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Sharing lessons learnt about strengthening research capacity in LMICs

26 Jun, 2014

Seven principles for strengthening research capacity in low- and middle-income countries: simple ideas in a complex worldThe Wellcome Trust devotes a significant proportion of funds to health-related research conducted outside the UK, supporting over 3000 researchers in more than 50 countries. We, and many other funders, have a long history in strengthening research capacity in low- and middle-income countries (LMICs) and that experience has been shared in a new document published today. Claire Cunliffe from the international activities team at the Wellcome Trust introduces the “Seven principles for strengthening research capacity in low- and middle-income countries”…

Researchers based in LMICs are often best placed to identify and address health challenges in their own countries but they face many challenges related to their research environments, such as underinvestment in research institutions and universities, poor career prospects, and lack of access to cutting edge research findings.

It is now increasingly recognised that in order to harbour the largely untapped talent pool in LMICs and harness it for health research, there needs to be direct investment to improve the ability of individuals and institutions to undertake high-quality research and to engage with the wider community of stakeholders. That is, direct investment in improving research excellence (or capacity strengthening efforts). Members of the ESSENCE on Health Research collaboration, such as the Swedish International Development Agency (SIDA), the Fogarty International Centre, Canada’s International Development Research Center, and the WHO’s special programme for research training (TDR) and the Wellcome Trust have a long supported these efforts. Contributions have been extremely varied, have evolved over time, and often have been embedded in larger research programmes, which makes it difficult to evaluate their impact.

Screen Shot 2014-06-26 at 13.46.51Recognising the importance of sharing lessons learned, today, the ESSENCE on Health Research Initiative launches a new good practice document to provide broad guidance on how to strengthen research capacity in different contexts, including health based on their experience and a number of consultations.

Rather than being prescriptive, it is hoped that the “Seven principles for strengthening research capacity in low- and middle-income countries: simple ideas in a complex world”  will be used as a tool to generate discussion among anyone with a stake in improving research in LMICs, whether they are funders, researchers or policy makers. The document provides key guidance principles with illustrative examples and case studies to show how the principles have been used in practice, and identifies common barriers to their implementation, together with suggestions on how they can be addressed.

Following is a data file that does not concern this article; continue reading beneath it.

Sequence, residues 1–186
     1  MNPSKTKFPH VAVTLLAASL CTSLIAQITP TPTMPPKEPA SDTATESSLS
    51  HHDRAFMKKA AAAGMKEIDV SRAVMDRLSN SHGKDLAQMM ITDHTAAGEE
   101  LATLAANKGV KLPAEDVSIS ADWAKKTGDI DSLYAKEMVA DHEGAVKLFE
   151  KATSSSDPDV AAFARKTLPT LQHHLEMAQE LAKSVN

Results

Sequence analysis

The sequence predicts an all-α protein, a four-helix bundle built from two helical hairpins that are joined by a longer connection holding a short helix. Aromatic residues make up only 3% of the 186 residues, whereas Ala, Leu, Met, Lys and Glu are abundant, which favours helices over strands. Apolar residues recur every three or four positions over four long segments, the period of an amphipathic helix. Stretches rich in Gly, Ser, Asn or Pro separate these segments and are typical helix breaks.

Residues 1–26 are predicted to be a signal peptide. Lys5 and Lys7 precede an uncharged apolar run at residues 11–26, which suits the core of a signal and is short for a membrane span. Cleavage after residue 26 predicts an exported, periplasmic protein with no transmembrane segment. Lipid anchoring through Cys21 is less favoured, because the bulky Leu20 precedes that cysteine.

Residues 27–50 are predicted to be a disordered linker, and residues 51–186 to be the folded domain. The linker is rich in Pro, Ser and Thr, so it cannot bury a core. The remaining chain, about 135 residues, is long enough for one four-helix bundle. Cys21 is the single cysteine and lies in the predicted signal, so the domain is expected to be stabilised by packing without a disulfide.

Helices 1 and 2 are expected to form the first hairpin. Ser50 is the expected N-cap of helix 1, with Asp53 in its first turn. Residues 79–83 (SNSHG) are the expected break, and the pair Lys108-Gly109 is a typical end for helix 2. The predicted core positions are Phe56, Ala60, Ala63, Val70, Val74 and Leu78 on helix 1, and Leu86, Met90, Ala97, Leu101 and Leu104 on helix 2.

The seven principles identified in the publication were developed from the experiences of funders, researchers and research institutes engaged in research capacity strengthening. They are as follows:

  1. Network, collaborate, communicate and share experiences
  2. Understand the local context and accurately evaluate existing research capacity
  3. Ensure local ownership and secure active support
  4. Build in monitoring, evaluation and learning from the start
  5. Establish robust research governance and support structures, and promote effective leadership
  6. Embed strong support, supervision and mentorship structures
  7. Think long-term, be flexible and plan for continuity

Lessons from the Wellcome Trust’s own research capacity strengthening programmes have fed into the document. These include a case study focusing on our African Institutions Initiative, a £28 million programme linking 51 African institutions in 18 countries with 20 ‘northern partners’.

International activities adviser Marta Tufet, who led on the project at the Wellcome Trust, says “evaluating capacity strengthening efforts is challenging, but it is nonetheless essential that we try to gain an understanding of what has and hasn’t worked in the past, and what lessons we can take forward to better inform the design and implementation of new programmes.”

You can read “Seven principles for strengthening research capacity in low- and middle-income countries” in full and find out more about ESSENCE on their website. This good practice guide is the third in a series of documents developed by ESSENCE to share the lessons learnt by funders, researchers and institutes involved in capacity strengthening. The two other documents in the series are: “Planning, Monitoring and Evaluation Framework for Capacity Strengthening in Health Research” and “Five keys to improving research costing in low- and middle-income countries“.


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